2 Estimating the energy released from a mesoscale oceanic eddy to the atmosphere from in situ vertical profiles of scalars

Monday, 9 July 2012
Staffordshire (Westin Copley Place)
O. C. Acevedo, Universidade Federal de Santa Maria, Santa Maria, Brazil; and D. A. Arsego, R. B. Souza, and L. P. Pezzi

Mesoscale oceanic eddies play an important role to a number of oceanic processes, including its circulation and the transport of properties, such as heat, momentum and salt. They are also relevant to the air-sea exchange, as their peculiar surface characteristics may favor their location as a preferential site for the exchange of heat between the two mediums. In fact, a significant portion of the total poleward energy transport may be provided by such structures, but it is quite difficult to estimate properly the total amount of heat energy transported by a given eddy.

INTERCONF is a scientific program that aims at studying both oceanic and atmospheric dynamics at the Southwestern Atlantic Ocean, with a special focus at the Brazil-Malvinas Confluence region, as well as higher-latitude environments. As part of this program, in November 2009, a Brazilian research vessel crossed a warm oceanic eddy shed by the Brazil Current in the Brazil-Malvinas Confluence region. A total of 14 atmospheric and 26 oceanic profiles were obtained during the cruise, sampling waters located at both the northern (warm) and southern (cold) sides of the confluence, as well as within the eddy itself. The atmospheric profiles were obtained by radiosondes, that provided information on pressure, temperature, humidity, wind speed and direction. The oceanic profiles were taken by expendable bathy-termographs which provided information on water temperature with respect to depth. In the present study, the total energy released from the warm eddy sampled in the cruise is estimated in both its latent and sensible forms. To do that, the atmospheric specific humidity and temperature perturbations above the eddy with respect to their values outside the mesoscale structure are compared and integrated vertically across the marine atmospheric boundary layer. Such determination demands a careful analysis of typical meridional sea surface temperature gradients, to guarantee that the estimates are not being affected by any modes of variability not associated with the oceanic eddy. Similarly, thermal and moisture advections need to be accounted for and a methodology to do so is presented herein.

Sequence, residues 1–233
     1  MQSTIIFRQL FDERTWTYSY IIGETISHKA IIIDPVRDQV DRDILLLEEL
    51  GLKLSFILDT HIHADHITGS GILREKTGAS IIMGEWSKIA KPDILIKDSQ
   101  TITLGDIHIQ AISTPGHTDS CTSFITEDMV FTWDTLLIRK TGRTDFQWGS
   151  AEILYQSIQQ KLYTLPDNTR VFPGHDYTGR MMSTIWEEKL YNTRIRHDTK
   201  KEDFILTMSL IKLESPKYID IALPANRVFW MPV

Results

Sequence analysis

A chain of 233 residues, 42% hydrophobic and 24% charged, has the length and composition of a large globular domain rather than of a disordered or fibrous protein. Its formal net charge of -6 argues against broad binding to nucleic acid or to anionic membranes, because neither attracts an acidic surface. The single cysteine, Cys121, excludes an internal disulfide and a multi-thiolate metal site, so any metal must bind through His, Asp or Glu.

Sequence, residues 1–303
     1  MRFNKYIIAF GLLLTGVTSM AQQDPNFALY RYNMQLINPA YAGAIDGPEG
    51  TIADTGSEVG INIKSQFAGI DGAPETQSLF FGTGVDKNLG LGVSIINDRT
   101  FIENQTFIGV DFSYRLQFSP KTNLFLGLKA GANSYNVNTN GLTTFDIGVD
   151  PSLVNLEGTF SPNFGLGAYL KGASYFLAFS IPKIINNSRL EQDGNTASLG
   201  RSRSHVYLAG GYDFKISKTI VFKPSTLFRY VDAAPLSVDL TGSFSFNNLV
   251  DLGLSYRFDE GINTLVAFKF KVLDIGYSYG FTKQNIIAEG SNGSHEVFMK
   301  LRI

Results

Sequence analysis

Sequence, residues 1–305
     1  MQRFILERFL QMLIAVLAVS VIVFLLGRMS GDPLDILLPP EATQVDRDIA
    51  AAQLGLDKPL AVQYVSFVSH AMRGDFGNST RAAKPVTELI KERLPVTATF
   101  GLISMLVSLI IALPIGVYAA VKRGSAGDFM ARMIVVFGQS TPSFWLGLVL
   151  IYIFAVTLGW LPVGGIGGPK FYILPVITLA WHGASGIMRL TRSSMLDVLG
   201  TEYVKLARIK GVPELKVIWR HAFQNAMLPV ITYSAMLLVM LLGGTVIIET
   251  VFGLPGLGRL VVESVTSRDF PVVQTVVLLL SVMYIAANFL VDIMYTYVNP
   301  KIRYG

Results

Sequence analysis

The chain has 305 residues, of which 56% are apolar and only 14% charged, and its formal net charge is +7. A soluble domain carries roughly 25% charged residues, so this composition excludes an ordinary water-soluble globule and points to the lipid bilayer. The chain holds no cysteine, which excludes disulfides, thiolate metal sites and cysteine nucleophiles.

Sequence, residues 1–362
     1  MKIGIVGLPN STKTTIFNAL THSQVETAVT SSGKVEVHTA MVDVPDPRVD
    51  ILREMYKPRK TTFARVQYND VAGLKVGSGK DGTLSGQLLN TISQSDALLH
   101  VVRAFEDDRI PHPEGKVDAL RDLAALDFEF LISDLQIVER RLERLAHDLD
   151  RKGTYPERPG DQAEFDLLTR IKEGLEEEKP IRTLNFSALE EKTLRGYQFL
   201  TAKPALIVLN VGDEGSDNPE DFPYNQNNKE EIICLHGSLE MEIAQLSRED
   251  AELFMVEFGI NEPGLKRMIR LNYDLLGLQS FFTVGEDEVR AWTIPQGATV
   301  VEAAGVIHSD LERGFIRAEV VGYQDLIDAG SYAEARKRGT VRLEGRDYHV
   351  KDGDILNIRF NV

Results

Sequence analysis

Results indicate that a total of 1.6 × E17 J are released from the eddy's surface as latent heat, while the atmosphere above this oceanic structure absorbs 1.28 × E16 J as sensible heat, summing up to an energy release of 1.32 × E17 J. This energy is associated to the specific humidity and temperatures sampled during the cruise. When that value is compared to the eddy surface flux estimates, it indicates that the mean residence time for the air above the eddy is close to 1.3 days. This residence time regards only to the heat flux at the ocean-atmosphere interface. Considering a typical lifetime of 3 months for a mesoscale oceanic eddy in the Brazil-Malvinas Confluence region, and assuming that its structure is preserved along such period, the total energy transferred to the atmosphere from the eddy surface is estimated at 9.3 × E18 J.

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